a delightful aspect of being among so many Africans, Asians and Muslims is the spirited good humour, lively thinking and sincerity that they generate ... "They are what the dinkum, working-class Aussies used to be when we were growing up," says my friend. "They keep the spirit alive, they've got the humour; they remind me of what Australians were like before we became so stupid, boring and up ourselves, like the Americans.
There follows a sustained attack on Anglo Australia circa 1955. Leunig, to borrow a phrase from Tracee Hutchison, is not at all at peace with Australia's past.
First he recalls singing Onward Christian Soldiers at school, a hymn he categorises as a "melodramatic Anglo jihad song". Then on Anzac Day he, poor soul, was forced to sing:
a racist song called Recessional about the glory of battle, boastful Gentiles, "lesser breeds wihout the law" and our rightful domination of their lands ...
Rudyard Kipling's anthem lingered like mustard gas in the schoolyard where we played "war" and invented new torture techniques for various imaginary non-white and non-English speaking undesirables.
The mind boggles at Australian schoolboys of that era even being aware of various non-white, non-English speaking peoples, let alone focusing their schoolyard play on their torture. Leunig is really cranking up the vilification here.
Leunig even gets the message of Kipling's poem Recessional wrong. The poem was published in 1897 at the time of Queen Victoria's Diamond Jubilee celebrations. Kipling thought the English were becoming a little too overconfident and wanted to remind them of the decay of nations which, on rising to prominence, became boastful and power hungry and lost a sense of the higher purposes their civilisation once served.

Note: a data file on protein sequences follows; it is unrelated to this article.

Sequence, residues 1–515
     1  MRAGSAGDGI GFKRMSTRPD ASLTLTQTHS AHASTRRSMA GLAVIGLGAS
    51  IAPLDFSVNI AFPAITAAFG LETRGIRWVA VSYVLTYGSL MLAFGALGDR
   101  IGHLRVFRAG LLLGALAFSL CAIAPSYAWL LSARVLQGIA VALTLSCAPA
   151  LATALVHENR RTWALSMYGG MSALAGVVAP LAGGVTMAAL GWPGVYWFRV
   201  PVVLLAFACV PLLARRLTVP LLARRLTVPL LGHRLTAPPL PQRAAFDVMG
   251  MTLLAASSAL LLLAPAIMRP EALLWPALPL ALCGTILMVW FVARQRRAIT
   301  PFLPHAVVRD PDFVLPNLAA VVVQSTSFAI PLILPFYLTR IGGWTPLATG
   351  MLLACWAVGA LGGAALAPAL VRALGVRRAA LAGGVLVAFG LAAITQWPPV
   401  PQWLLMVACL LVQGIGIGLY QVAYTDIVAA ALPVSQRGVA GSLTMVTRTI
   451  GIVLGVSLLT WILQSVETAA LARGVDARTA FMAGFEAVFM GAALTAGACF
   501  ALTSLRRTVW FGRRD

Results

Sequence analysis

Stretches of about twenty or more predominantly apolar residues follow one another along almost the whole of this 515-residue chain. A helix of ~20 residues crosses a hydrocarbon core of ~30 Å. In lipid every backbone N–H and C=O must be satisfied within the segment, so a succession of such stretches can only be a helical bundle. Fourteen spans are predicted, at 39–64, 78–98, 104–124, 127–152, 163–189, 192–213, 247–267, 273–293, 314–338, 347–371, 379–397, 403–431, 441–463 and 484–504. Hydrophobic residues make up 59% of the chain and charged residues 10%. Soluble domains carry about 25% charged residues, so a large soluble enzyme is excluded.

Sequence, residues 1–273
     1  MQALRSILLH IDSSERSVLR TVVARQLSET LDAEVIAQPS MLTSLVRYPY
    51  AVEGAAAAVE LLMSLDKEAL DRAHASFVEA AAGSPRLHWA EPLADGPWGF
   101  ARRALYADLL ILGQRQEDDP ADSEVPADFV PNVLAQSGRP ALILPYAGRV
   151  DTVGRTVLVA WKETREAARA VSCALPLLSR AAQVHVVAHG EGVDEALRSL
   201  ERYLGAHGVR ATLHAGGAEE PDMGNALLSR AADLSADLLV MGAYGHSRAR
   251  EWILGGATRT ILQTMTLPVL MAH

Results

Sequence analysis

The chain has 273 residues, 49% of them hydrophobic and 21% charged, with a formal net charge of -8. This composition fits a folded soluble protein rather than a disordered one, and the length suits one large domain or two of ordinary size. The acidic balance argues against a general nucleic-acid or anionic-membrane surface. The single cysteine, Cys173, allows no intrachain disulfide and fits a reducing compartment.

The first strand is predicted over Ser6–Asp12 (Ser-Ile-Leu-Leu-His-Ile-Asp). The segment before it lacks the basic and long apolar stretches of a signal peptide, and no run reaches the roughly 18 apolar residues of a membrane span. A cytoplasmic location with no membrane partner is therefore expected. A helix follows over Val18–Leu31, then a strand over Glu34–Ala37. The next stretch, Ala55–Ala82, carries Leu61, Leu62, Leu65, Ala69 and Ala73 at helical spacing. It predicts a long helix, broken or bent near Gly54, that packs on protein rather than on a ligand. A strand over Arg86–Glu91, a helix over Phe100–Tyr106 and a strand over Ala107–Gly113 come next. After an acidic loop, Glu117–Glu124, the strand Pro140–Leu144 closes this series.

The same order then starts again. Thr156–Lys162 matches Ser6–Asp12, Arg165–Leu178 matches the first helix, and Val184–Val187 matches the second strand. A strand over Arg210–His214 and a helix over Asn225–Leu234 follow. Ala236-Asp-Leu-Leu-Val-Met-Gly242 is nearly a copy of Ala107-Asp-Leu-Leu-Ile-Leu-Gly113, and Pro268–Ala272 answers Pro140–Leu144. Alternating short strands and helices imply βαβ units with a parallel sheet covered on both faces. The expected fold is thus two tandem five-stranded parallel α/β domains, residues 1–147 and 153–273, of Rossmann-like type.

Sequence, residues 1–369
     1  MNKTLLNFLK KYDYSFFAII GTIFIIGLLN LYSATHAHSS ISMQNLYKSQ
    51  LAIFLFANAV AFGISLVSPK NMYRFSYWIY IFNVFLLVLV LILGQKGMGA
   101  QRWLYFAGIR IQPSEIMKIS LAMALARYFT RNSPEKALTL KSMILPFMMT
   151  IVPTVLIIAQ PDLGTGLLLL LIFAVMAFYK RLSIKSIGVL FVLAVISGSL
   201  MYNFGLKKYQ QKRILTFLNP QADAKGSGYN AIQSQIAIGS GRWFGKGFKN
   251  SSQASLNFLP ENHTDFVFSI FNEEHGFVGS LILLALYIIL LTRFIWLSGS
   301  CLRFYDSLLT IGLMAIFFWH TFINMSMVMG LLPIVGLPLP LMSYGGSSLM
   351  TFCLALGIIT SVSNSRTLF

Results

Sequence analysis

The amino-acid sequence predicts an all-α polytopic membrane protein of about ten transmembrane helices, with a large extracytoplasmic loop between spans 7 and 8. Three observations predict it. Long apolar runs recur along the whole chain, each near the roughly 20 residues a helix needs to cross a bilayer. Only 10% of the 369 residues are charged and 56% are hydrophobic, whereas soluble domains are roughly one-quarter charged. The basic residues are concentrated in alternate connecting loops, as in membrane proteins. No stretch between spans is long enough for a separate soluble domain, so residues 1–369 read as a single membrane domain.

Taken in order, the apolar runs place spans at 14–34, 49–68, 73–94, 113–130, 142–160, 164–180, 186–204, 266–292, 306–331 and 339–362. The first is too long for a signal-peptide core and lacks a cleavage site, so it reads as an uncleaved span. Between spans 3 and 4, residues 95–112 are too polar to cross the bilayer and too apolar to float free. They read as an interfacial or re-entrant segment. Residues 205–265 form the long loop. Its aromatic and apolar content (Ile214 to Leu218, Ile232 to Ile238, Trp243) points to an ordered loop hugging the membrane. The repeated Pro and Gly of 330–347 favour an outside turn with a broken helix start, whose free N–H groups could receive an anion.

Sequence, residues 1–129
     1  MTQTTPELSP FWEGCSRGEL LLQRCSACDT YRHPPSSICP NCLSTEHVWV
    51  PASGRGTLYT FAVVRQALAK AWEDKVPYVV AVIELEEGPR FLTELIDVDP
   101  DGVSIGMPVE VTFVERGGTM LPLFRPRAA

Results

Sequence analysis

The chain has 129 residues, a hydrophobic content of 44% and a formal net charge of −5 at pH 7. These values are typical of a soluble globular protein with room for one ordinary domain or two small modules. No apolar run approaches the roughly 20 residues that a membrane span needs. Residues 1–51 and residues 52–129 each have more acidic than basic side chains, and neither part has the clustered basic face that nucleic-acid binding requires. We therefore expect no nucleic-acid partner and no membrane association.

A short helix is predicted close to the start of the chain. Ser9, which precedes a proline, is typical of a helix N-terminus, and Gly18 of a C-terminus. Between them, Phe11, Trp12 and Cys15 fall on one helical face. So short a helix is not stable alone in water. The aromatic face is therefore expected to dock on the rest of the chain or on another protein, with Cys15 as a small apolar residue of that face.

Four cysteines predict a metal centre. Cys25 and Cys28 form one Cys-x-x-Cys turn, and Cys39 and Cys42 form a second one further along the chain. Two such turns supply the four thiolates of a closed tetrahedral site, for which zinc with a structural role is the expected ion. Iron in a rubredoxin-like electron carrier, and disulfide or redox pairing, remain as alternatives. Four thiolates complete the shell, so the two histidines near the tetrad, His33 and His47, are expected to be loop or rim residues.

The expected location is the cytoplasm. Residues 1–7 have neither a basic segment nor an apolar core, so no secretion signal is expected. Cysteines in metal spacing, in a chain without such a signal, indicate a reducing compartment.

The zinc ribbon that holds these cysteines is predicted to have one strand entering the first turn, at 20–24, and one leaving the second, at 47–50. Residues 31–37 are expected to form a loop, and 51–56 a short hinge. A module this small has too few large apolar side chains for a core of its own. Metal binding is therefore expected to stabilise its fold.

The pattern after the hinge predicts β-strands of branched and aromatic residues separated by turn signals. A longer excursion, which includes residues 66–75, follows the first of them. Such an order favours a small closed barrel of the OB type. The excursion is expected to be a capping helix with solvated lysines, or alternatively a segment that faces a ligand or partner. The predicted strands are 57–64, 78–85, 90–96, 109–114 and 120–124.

Kipling at the time was strongly anti-German. He not only saw the Germans as a threat to the English, but believed them to be arrogant and motivated by power alone, and therefore uncivilised. So the line "lesser breeds without the law" is usually thought to refer to the Germans, rather than to any non-European colonial peoples.
Leunig also remembers celebrating Guy Fawkes Day as a boy. He calls Guy Fawkes "the famous terrorist bomber" and "the bomb-making terrorist", once again attempting none too subtly to place our own culture on the same plane with that of the jihadist suicide bombers.
Finally, Leunig describes a novel, Breakfast of Champions, in which a visiting writer insults the sporting achievements of some philistine citizens of a small town and is beaten up. Leunig writes that "This tale often helps me to understand Australia". Leunig appears to be suggesting that, having used Anzac Day to spit in our eye, we are to value his artistic spittle highly, otherwise we are hostile, violent philistines.
Would anyone want to end up like Leunig? Would we really want to inhabit a mental world in which we seek to vilify our own tradition in an exaggerated way, deliberately ascribing to it the worst faults identified in other traditions, whilst giving over to others the best features of our own?
Leunig is not a misunderstood prophet. The insults, the disloyalty and the intent to do damage are all too clear in what he writes.
When you end up applying hatred to your own kind, isn't it time to reconsider your politics?